An accelerant sniffing dog from Spokane Valley spent the morning walking through the wreckage of the Queen of the River mansion in Post Falls Friday.
Mako, an accelerant sniffing dog that is a member of the Spokane Valley Fire Department, was at the home Friday morning as investigators are looking into why the home burned to the ground early Thursday.
The black lab, bought and trained with money from State Farm, alerted on a half dozen spots inside the home's interior that smelled like petroleum. The problem is smelling petroleum and determining if what Mako found could be two different things.
"Those dogs are trained to sniff petroleum products and so we live with petroleum products around us every day, plastics, everything," Division Chief Dan Ryan with the Kootenai County Fire Department said.
In addition to having Mako comb the debris, investigators also began removing debris samples from the home. Those samples will be studied for the presence of hydrocarbons such as petroleum-based products.
"The dog alerted on a couple places and we were not able to determine what it was so we'll take some samples, send it to the lab and they'll tell us what it is," Ryan said.
The property overlooking the Spokane River is now being treated like a potential crime scene, and the investigation has become a joint fire / police operation with members of the Post Falls Police Department, Kootenai County Fire Department and Spokane Valley Fire Department participating in the effort.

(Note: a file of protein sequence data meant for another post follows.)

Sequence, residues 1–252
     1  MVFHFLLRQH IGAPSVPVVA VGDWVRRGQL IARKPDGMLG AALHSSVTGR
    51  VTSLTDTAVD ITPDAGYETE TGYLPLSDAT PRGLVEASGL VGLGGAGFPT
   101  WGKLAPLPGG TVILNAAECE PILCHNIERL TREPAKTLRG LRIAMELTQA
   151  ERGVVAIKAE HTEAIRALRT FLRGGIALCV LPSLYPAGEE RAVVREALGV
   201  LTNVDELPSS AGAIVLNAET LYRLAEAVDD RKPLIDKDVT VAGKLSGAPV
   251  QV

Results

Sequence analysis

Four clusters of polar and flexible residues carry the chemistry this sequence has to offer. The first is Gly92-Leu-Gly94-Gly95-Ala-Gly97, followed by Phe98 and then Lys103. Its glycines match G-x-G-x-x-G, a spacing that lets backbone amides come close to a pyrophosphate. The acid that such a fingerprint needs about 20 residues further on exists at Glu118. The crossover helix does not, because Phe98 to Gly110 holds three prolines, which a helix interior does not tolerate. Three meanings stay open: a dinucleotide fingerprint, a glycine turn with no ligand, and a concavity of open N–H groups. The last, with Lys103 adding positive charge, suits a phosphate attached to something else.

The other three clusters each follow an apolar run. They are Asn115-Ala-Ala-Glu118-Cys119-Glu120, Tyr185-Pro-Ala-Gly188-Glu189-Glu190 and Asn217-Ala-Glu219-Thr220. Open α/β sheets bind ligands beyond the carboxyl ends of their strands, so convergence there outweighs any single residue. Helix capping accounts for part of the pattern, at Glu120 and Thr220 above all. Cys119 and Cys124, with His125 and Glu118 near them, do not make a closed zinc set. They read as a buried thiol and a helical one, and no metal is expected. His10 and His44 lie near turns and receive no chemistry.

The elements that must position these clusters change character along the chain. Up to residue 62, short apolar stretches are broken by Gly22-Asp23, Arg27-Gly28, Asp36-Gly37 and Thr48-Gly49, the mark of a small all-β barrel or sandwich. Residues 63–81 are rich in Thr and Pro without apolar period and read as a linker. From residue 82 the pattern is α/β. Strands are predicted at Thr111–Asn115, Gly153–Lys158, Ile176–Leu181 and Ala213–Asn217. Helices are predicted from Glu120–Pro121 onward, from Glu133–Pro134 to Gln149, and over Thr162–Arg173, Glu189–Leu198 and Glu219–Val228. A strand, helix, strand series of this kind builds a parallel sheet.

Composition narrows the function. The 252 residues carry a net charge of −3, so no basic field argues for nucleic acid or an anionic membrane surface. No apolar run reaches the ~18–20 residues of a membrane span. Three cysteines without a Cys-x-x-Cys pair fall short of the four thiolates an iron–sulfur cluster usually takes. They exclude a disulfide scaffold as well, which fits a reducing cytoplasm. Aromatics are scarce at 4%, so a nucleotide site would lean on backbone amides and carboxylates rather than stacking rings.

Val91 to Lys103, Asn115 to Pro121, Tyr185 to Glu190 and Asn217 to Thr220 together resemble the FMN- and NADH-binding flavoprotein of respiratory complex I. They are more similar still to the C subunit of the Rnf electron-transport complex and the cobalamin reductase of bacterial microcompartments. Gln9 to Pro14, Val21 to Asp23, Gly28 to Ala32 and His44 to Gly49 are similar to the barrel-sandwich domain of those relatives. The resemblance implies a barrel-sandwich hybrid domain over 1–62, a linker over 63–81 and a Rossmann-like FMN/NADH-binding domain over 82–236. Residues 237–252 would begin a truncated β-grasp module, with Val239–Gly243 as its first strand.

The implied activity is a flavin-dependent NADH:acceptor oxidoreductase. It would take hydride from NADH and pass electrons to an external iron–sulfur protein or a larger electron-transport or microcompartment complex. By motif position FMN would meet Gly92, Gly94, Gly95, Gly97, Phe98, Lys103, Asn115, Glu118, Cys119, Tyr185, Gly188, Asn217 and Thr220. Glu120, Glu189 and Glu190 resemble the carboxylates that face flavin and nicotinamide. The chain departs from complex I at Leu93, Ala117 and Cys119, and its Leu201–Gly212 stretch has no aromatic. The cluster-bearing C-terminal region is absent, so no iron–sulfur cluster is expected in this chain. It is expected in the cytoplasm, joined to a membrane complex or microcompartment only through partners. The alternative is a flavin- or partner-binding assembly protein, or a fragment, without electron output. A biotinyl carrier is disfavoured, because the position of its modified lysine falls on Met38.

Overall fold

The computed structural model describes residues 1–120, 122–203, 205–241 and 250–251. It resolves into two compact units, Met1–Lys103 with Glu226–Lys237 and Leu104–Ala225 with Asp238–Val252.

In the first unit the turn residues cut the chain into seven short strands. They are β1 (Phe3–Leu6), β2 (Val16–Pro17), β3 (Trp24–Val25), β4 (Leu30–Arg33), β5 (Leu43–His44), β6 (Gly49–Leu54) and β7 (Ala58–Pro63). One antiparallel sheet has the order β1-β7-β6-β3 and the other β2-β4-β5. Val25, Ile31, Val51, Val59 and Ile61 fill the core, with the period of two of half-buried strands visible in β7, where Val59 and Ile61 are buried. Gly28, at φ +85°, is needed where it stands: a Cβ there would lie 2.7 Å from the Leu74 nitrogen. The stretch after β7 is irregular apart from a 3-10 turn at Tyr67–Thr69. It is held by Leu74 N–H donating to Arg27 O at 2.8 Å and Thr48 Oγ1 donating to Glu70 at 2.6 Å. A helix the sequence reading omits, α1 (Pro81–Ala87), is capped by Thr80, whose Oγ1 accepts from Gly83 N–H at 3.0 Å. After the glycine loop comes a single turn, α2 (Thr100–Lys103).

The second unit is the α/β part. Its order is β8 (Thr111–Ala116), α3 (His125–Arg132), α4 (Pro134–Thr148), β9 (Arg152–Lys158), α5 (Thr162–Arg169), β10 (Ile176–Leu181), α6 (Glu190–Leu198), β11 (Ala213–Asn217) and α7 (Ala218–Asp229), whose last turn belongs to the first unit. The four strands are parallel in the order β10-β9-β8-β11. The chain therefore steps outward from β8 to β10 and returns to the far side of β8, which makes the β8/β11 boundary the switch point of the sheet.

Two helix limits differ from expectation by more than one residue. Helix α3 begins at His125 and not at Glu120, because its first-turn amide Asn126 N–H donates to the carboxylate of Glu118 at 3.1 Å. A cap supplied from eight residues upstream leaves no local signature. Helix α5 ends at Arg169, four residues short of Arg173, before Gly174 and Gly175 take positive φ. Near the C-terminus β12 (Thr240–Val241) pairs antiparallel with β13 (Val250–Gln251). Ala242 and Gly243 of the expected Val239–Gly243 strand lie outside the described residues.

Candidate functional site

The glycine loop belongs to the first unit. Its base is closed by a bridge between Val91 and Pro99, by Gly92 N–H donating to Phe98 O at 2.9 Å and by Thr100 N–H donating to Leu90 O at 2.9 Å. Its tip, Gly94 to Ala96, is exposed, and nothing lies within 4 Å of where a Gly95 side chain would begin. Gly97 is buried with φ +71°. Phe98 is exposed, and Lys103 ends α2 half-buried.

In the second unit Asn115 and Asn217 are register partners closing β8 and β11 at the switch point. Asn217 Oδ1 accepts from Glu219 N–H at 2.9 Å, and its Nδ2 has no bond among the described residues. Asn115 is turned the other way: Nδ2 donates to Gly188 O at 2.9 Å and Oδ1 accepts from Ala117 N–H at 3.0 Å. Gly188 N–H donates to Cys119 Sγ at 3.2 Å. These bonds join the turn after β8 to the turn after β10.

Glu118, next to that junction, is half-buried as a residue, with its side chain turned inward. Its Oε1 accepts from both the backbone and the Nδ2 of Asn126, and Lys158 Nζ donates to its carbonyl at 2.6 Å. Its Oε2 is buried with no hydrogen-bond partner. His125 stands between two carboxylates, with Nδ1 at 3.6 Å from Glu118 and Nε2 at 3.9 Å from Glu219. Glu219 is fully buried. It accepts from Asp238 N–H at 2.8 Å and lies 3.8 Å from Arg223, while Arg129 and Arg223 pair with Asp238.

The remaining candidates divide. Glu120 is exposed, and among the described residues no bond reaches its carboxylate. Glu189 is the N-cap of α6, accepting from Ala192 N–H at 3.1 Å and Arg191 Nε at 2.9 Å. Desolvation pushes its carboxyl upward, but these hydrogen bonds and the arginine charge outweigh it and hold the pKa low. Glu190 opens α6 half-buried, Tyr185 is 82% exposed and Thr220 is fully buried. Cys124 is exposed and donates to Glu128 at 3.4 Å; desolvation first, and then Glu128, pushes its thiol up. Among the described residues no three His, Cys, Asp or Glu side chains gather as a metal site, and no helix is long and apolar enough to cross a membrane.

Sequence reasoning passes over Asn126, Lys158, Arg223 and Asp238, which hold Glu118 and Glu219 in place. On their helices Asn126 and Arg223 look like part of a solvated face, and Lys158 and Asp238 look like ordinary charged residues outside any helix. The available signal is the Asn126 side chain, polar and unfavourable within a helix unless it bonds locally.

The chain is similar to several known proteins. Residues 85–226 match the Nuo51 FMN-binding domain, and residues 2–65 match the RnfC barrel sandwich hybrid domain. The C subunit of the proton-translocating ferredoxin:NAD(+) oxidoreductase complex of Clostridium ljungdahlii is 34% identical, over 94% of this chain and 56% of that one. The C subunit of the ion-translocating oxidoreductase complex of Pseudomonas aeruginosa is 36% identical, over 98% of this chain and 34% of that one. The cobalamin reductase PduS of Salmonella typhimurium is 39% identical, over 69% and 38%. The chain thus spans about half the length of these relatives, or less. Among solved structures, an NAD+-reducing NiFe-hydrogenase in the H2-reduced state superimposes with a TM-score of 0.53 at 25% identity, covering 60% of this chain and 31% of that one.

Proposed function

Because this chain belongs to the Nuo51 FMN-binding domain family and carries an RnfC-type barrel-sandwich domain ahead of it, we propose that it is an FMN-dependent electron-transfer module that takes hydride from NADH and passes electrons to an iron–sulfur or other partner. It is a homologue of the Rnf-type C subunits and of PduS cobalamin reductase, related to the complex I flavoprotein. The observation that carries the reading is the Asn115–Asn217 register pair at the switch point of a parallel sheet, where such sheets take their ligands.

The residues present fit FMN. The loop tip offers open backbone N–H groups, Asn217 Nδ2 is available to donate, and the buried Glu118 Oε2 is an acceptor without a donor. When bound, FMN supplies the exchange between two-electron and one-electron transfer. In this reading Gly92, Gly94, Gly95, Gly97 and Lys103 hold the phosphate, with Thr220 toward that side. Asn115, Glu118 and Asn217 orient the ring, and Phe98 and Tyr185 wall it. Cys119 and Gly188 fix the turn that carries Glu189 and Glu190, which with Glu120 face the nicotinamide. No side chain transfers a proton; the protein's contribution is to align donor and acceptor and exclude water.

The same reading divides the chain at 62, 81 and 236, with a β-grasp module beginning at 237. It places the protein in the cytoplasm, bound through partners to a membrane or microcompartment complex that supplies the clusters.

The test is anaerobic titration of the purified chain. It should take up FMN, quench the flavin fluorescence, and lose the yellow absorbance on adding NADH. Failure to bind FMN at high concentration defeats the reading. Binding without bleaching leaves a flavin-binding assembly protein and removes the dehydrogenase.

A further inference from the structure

Also assisting in the case is a State Farm representative; State Farm carried the insurance policy on the home. That representative is working alongside fire investigators to determine if the fire was accidental in nature or intentionally set.
"Working with the insurance company and the police department there's going to be some security on this over the weekend and then Tuesday there will be some more resources available to us to help us with the investigation so we can go a little bit further," Ryan said.
Division Chief Ryan said nothing so far has told them this fire is anything more than suspicious in nature.
"What it tells us is we have a lot more work to do; that we need to do some more digging starting with the point of origin and then narrow it down, hopefully to a cause," he said.
Homeowner Len Wallace, who was at the home Thursday morning, was not at the scene Friday.
The investigation into the fire at the Queen of the River comes on the day that the house had been scheduled to be foreclosed on, according to a 2011 bankruptcy filing by Wallace. If the fire is determined to be arson set it could be more difficult for the owners to collect on their homeowners insurance policy.